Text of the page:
The Three M's That Rule the Arab World

The Three M's That Rule the Arab World

 

After a series of recent visits to Arab countries with different political governance systems – Jordan, Egypt, Lebanon, and the United Arab Emirates – I realized that they reflect power structures defined by monarchical rule in Jordan and UAE, republicanism-turned-security state in Egypt, and consensual electoral tribalism in Lebanon. These countries also offer insights into a new pattern in the exercise of power in most Arab countries. 

Assorted centers of power and identity that have existed in our region for many years include royal families, security agencies, tribal forces, the private sector, political ideologies, military resistance movements, and non-governmental organizations. These multiple power and identity centers reflect the reality that centralized states and governments no longer are able to fulfill the core attributes and responsibilities of a stable state, which I would list as identity, sovereignty, statehood, nationhood, citizenship, legitimacy, the exercise of power, human development needs, accountability and security. 

Many of the identities and power centers that surfaced in the Middle East since the 1980s have now consolidated into three main forces, or the three “Ms” that dominate Arab politics and power structures: monarchy, mosque and market. 

The “monarchy” refers to the ruling powers and their multiple security agencies that have a firm grip on society from the top, whether they are formal monarchies (Jordan, the UAE and others). There are also, in this category, “republics” where power is concentrated in the hands of small groups of civilian, ruling party and military leaders at the top and passed on from one generation to another (Egypt and others). 

The “mosque” refers to movements in society beyond the control of the ruling monarch, of which Islamist movements are the most powerful, but include others such as tribal or ethnic groups, and militias and resistance movements. They often are opposition movements.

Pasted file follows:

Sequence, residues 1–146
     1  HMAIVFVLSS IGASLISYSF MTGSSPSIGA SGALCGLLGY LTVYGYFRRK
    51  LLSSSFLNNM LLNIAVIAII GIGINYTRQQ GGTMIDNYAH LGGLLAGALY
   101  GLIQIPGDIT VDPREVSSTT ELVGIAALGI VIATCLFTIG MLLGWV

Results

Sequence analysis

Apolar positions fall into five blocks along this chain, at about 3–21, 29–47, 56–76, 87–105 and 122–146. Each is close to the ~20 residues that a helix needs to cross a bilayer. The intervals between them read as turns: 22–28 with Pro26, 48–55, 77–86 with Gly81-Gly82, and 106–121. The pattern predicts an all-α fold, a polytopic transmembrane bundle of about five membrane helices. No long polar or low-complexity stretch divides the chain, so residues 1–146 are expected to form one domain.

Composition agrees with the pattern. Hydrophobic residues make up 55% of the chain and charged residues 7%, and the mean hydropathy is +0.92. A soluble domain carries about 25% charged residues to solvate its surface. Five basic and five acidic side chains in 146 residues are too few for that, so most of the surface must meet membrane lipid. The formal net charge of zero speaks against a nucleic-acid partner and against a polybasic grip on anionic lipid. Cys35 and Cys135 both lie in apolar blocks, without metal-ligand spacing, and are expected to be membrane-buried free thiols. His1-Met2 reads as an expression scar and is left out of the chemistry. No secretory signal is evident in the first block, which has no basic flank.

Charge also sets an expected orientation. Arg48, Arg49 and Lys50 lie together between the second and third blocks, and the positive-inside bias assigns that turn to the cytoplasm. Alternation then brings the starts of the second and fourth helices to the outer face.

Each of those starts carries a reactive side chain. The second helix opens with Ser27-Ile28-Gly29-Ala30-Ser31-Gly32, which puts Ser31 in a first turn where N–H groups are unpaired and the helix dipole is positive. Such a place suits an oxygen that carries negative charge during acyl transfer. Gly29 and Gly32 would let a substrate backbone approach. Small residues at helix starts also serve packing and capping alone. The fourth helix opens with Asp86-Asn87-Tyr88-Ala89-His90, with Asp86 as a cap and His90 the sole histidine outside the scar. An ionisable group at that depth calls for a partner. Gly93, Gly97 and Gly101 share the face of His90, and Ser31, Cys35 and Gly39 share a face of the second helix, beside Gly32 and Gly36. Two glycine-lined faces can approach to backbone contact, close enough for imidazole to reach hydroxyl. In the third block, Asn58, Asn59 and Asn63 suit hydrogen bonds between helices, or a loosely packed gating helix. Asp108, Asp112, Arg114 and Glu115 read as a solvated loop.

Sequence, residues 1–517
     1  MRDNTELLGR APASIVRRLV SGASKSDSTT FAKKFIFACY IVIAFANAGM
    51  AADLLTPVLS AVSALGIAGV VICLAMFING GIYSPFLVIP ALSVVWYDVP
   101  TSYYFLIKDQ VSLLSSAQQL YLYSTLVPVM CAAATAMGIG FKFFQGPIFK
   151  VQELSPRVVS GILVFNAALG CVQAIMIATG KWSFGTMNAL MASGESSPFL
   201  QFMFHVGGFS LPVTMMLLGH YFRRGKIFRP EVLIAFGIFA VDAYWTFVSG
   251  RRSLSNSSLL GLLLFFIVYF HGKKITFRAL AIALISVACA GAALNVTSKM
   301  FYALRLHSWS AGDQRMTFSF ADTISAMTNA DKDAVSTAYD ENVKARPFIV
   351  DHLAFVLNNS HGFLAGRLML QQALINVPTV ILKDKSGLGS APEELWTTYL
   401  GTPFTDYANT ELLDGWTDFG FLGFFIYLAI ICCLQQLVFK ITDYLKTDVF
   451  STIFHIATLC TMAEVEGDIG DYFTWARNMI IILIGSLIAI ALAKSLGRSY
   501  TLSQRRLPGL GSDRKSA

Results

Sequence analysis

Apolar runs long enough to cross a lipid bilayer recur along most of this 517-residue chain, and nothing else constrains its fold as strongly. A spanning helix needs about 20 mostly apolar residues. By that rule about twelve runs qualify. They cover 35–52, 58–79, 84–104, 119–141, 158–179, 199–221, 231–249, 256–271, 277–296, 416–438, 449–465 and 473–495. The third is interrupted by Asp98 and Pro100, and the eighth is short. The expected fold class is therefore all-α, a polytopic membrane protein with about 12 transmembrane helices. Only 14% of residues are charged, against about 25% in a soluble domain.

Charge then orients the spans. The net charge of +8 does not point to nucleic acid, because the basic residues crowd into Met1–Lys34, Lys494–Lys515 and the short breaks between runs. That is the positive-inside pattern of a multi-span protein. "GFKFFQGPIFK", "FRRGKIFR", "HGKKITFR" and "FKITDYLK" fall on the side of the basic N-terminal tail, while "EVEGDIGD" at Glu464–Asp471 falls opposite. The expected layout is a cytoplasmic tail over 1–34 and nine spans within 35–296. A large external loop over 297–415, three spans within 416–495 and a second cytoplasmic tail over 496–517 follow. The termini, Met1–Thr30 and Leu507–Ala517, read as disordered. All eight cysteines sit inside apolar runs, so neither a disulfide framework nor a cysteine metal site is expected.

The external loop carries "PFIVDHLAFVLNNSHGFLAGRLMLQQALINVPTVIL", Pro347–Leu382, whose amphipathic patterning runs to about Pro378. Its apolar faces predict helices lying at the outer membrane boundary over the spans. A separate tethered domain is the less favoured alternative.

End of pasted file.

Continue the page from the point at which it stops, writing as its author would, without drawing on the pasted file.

The “market” is the most recent power center that has emerged in the Arab world, and is by far the fastest growing one. The most common visual signs of shared urban values in the Arab world these days are billboards that advertise massive shopping malls, American soft drinks and fried chicken, European and Japanese cell phones, German cars, or fancy gated communities and other ex­pensive real-estate developments that are affordable mainly to the wealthy (who dominate the “monarchy” and “market” groups). 

Private-sector “market” forces continue to slowly infringe upon or even completely take over functions once monopolized by the state and the “monarchy,” such as telephones, education, drinking water and other basic human needs. Multinational money and trans-regional Arab capital are major elements of the “market,” to the point where private investments across the region are probably the single strongest form of pan-Arab integration and solidarity. 

The triad of monarchy, market and mosque is not new. It represents the Arab order reclaiming its historical power balance and identity, from the ancient period before Byzantium and also from the early and middle Islamic eras. The symbolism of monarch, mosque and market is captured best in the architecture of the early Islamic Umayyad era, when the caliph’s palace represented political power, the mosque on the other side of the central square reflected religious legitimacy, and the space in between was the commercial market, or souq. 

The balance among these three principal power centers provided the stability that both citizens and rulers sought, and that merchants needed for sustainable trade and profitability. (This model moved to medieval Europe, where the palace, the cathedral and the market in center-city areas mirrored the urban architecture of power from Umayyad Arabia.) 

The strength of this system is that it provides stability for some time, as it is an indigenous Middle Eastern form of checks and balances among three forces that need each other. It is also a bizarre form of a perfect market mechanism, with the “mosque” being the demand side of popular sentiment, the “market” providing the supply of goods and services the citizens need, and the “monarch” being the regulator in between who would ideally keep the system in balance. 

The system’s weakness is that it does not necessarily safeguard the interests of the poor and those in the middle class who do not have entry into any of the three power centers. 

It remains to be seen how the masters who rule these three interlinked power centers now proceed with the development of their societies. It is clear that they need each other. From their permanent negotiations to define sustainable relationships, we see private politics taking hold in the region – distinct parties with clear interests contesting and sharing power.

The next step in this historical process – as Medieval Europe and 18th -century America experienced – is to move from private to public politics, where the center of gravity is the citizen, and the mosque, monarchy and market serve the citizen, not the other way around as now prevails. 

 

Rami G. Khouri is published twice-weekly by THE DAILY STAR.

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